Innovative Research


Prof. Daniel Gilbert Nessim, Dr. Rajashree Konar and Prof. Elisabetta Comini from the University of Brescia, Italy, studied layered transition metal dichalcogenides (TMDCs) as the next-generation materials for gas sensing. Their exciting findings have recently been published in Sensors and Actuators: B. Chemical. Prof. They used exfoliated 2 H-WS2 nanosheets to produce high-performance NO2 sensors by conducting thermal annealing at various temperatures to study the oxidation of WS2 and confirm the long-term stability of 2 H-WS2 bulk.

The team fabricated three batches of conductometric sensors from 2 H-WS2 dispersions on electrical transducers using the droplet variation method. These sensors, with two layers (2 L), five layers (5 L), and ten layers (10 L) of WS2 nanosheets, were tested for low NO2 concentrations at different temperatures and relative humidity levels. Bio FastScan Atomic Force Microscopy (AFM, Bruker, AXS, Santa-Barbara, USA) was performed (@BINA) to confirm the layer’s thickness.

The 2 L-WS2-Based sensor outperformed others, showing the highest response at room temperature. It demonstrated excellent repeatability (4 cycles) towards 1 ppm NO2 and long-term stability (over two months). Moreover, it showed full selectivity towards NO2 (1 ppm) at room temperature over NH3 (15 ppm), H2S (15 ppm), ethanol (30 ppm), and acetone (30 ppm).

These findings confirm the potential of 2 H-WS2 nanosheets in fabricating low-power consumption devices with high sensitivity, long-term stability, and excellent selectivity towards NO2, even at high relative humidity levels. For more insights, check out the paper here


margelIn collaboration with TAMA Ltd, Prof. Shlomo Margel, and his team have recently conducted a study that addresses a significant issue in animal food production. Their findings have been published in the journal Materials Today Chemistry.”

As the world’s population expands, so does the production of animal food sources. However, this growth brings challenges - the susceptibility of hay and other food sources to mold is a serious concern for food quality and safety.

Prof. Margel’s team has proposed an innovative solution to tackle this issue. They’ve developed an anti-mold fungicide that is comprised of thymol bound on a thin silica-urea coating of polypropylene fabrics. This unique coating not only enhances the thermal stability of thymol but also allows for its prolonged release. The team extensively investigated the coating’s composition, morphology, thermal stability, and release rates. The findings revealed that the coating provided efficient protection against mold growth, with no side effects on hay exposed to thymol fumes. This research highlights the potential of this fungicide as a safe and efficient preservative for hay. It represents a significant advancement in safeguarding the quality and safety of our animal feed sources. For more information, please visit the following link 0.1016/j.mtchem.2024.102009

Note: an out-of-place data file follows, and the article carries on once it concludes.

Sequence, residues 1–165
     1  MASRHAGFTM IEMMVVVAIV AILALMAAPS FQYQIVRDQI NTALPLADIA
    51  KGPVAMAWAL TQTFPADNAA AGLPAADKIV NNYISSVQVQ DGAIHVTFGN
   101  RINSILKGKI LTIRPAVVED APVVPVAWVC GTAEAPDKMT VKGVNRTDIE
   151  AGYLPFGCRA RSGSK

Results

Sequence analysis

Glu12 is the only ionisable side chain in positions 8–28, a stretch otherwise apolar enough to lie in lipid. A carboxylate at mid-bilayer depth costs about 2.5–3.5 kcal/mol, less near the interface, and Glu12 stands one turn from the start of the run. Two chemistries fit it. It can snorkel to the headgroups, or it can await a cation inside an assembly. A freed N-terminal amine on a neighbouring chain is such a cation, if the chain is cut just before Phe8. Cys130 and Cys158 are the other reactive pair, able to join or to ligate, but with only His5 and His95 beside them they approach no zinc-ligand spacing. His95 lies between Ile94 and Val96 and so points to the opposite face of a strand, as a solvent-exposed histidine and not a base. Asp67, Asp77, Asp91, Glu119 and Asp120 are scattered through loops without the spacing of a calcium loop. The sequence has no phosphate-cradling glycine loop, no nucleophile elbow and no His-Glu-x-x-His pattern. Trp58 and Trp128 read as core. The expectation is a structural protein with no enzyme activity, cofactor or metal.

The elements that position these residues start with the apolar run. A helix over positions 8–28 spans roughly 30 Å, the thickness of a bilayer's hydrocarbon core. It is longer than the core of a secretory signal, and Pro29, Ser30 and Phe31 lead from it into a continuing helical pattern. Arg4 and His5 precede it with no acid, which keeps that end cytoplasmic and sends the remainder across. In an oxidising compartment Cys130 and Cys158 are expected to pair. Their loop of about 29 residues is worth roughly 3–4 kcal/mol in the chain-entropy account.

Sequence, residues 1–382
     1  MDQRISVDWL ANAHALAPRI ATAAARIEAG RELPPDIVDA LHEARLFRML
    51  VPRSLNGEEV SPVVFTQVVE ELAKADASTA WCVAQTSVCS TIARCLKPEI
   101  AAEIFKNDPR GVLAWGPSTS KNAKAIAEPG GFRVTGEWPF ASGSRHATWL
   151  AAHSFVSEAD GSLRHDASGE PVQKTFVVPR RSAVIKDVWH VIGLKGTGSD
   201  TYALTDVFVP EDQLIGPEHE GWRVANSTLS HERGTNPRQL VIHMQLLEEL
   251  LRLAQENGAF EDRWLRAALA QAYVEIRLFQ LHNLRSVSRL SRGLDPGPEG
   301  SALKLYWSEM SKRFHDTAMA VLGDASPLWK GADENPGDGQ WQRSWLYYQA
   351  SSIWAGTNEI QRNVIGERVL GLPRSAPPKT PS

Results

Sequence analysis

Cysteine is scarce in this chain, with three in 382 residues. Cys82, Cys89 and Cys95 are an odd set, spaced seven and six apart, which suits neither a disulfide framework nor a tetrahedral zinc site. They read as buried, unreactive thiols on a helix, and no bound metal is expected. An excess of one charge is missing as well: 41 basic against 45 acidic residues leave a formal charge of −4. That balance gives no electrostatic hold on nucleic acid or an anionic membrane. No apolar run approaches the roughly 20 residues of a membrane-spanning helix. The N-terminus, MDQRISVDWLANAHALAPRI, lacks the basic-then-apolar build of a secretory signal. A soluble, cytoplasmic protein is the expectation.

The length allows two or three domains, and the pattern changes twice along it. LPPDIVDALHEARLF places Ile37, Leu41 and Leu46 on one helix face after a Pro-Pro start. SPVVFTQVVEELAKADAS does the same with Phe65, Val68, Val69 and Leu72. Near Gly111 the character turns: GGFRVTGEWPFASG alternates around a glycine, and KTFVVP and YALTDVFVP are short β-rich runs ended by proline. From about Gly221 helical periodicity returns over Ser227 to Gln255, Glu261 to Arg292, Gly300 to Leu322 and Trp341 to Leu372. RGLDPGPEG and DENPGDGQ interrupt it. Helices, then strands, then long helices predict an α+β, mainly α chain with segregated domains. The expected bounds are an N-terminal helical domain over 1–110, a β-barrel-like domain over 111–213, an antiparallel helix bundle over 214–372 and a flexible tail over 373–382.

רחלהProf. Rachela Popovtzer (Faculty of Engineering) has recently participated in groundbreaking collaborative research led by Prof. Jonathan Leor of the Neufeld Cardiac Research Institute at Tel Aviv University. The study, published in the esteemed journal Circulation, uncovers a unique mechanism linking heart disease to cancer via cardiac extracellular vesicles carrying pro-tumorigenic factors. Prof. Popovtzer contributed to this study using a gold nanoparticle-based approach for metabolically-targeted computed tomography assessment of tumor spreading and growth. This study can promote the development of more effective treatments for cancer associated with cardiovascular diseases.
For more insights, please visit 10.1161/CIRCULATIONAHA.123.066911





SHAHAR ALONDr. Shahar Alon and his team have diretly measured, inside biopsies, how cancer cells manipulate immune cells at the molecular level. They recently published their exciting findings in the RNA journal. Their research focused on quantifying the molecular changes that occur when an immune cell comes into contact with a tumor cell. This understanding could unlock new insights into cancer progression and immune evasion mechanisms. Dr. Shahar Alon and his team execute these measurements in situ by expansion sequencing. Expansion sequencing has been a game-changer, enabling them to sequence genes with super-resolution right where they are. They systematically examined whether individual immune cells from specific cell types express genes differently when close to individual tumor cells. Their first step was to demonstrate that a dense mapping of genes in situ can be used to segment cell bodies in 3D. This improved their ability to detect cells that are likely in contact. Next, they employed three different computational approaches to detect the molecular changes triggered by proximity: differential expression analysis, tree-based machine learning classifiers, and matrix factorization analysis. The systematic analysis revealed numerous genes in specific cell types whose expression separates immune cells that are proximal to tumor cells from those that are not. Interestingly, they found a significant overlap between the different detection methods. One remarkable finding was that an order of magnitude more genes are triggered by proximity to tumor cells in CD8 T cells than in CD4 T cells T, which aligns with the ability of CD8 T cells to directly bind Major Histocompatibility Complex (MHC) Class I on tumor cells.